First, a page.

Teachers Strike for One-Hour Today

As the school day begins, teachers across Los Angeles will be going on strike for a single hour. Instead of signing in and walking into school, they will be gathering in front of their schools and informing parents of the impending California budget cuts— cuts which are threatening thousands of teacher positions across the district.

Officially, LAUSD has come out against the strike action. They have stated to newspapers that they want to see “teachers in the classroom” and that they are “concerned about student safety.” But, while teachers began planning the strike action months ago, LAUSD dragged its feet taking the teachers to court. LAUSD only filed for a temporary restraining order last Thursday. A judge denied the request, and LAUSD retaliation seems extraordinarily unlikely at this point. After all, they’re concerned about the fall out. United Teachers LA has vowed to fight any lay-offs: which means LAUSD and the Governor should be biting their nails and shaking in their boots.

My friends at charter schools tell me that they will not be participating: their higher-ups informed them a few weeks back that any budget cuts will be absorbed by the administrators and that teachers will not feel the pinch. Their unions remain mum on the situation. I don’t know if any other districts will be participating. (Do you know, gentle reader?)

This strike could only signal the beginning. UTLA estimates that nearly all its members will be participating today.

LAUSD votes on its proposed budget for the coming year next Tuesday.

9 Replies to “Teachers Strike for One-Hour Today”

  1. aaron, this tactic might not work at your workplace, but imagine it: 2 or 3000 kids on a single campus without a teacher for an hour. this produces a situation which LAUSD and the state would like to avoid. (although, since the strike has been PLANNED, safety plans are in place with admins, parent volunteers and out of classroom personnel).

    like many strikes, they begin symbolically. if our jobs are on the line, then we teachers are showing exactly what the repurcussions are going to be. laying off 6,500 teachers when we have needed MORE teachers for years is hardly sound public policy.

    imagine now that teachers went on strike for as long as the WGA did earlier this year. we’re not at that stage yet, but i’d say a one-hour strike is effective for teachers, as well as medical professionals and public servants of all kinds.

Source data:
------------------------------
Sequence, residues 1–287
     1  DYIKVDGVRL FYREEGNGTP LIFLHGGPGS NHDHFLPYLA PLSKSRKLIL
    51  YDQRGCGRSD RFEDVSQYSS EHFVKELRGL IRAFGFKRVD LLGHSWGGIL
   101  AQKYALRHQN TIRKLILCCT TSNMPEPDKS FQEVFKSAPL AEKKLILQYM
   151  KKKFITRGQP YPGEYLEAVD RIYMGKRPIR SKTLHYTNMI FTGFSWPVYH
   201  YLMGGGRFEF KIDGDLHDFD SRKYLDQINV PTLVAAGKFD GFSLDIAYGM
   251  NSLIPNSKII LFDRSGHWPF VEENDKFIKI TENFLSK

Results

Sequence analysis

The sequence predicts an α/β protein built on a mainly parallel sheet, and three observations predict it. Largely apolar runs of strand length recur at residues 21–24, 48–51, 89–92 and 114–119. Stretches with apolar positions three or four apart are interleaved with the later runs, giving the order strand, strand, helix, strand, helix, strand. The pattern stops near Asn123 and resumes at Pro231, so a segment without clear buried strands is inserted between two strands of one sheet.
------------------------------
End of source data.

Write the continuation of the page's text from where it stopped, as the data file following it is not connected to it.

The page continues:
2. They are protesting in front of my house. I didn’t even know there was a school down the way until the teachers and students marched by this morning. Go teachers!

  3. I have gone to two budget protest organized by parents. Neither got much media coverage. This teacher Job Action is getting TONS of media converges BEFORE it even happened. And I am sure there will be more media converge this evening and in tomorrow papers.

    And the district is scared. I and many other parents I have talked to, all got pre recorded phone calls from the Superintendent last night (7:00 pm-ish) blasting the teachers for taking this job action.

    Hell, is just an hour!!! And a planed well in advanced hour at that. What learning will our kids miss in that time that will not be- or has not already been- given to them at another time? And for the kids who walked the picket line with their parents (my second grader was out their with me for about ½ hour, her school, Micheltorena in Silver Lake, started the protest at 7:30 AM, before she joined her fellow classmate to watch “March or the Penguins” in the all purpose room) this was a great real live learning.

  4. << aaron, this tactic might not work at your workplace, but imagine it: 2 or 3000 kids on a single campus without a teacher for an hour. this produces a situation which LAUSD and the state would like to avoid. (although, since the strike has been PLANNED, safety plans are in place with admins, parent volunteers and out of classroom personnel). >>

    Nahh, this is just as “effective” as those kids who “walked out” of school when they did that “Day Without A Mexican” thing.

    If I walked out of my job, I’d be fired. Why should teachers by a special exception? Are they saying they’re better than me, a lowly accountant?

  5. if only YOU walked out of your job, you would be fired. so would i.

    if your ENTIRE OFFICE walked out of the job in protest of unsatisfactory management by your bosses, it might send a message to them to not take you guys for granted.

    as for being a special exception… civil servants (like teachers, firefighters, cops, postal workers, etc) are special exceptions. they are funded publicly. are you? (maybe you are: you might work for a govt office of some sort).

    but part of the social contract is that some positions are more essential than others: a public defender IS more essential than a corporate attorney… a cop IS more essential than private security… a doctor IS more essential than a pharmacy technician… and a teacher IS more essential than an accountant.

    after all, aaron, where would you be without all the teachers who taught you to perform your very “lowly” calculations?

    (PS: thanks annika)

  6. Aaron, the difference is that if you walk out of your job you’d be fired and another lowly accountant would replace you tomorrow. If Ms. Banneker and 6,500 of her friends walk out of their jobs, L.A. would fall into chaos tomorrow.

  7. True, true…I wasn’t thinking. And I’m not saying teachers aren’t essential. Just seems like they’re always wanting to walk out or go on strike, etc. etc. So, a lot of people end up not thinking so highly of public school teachers, forgetting how essential they, well, essentially are.

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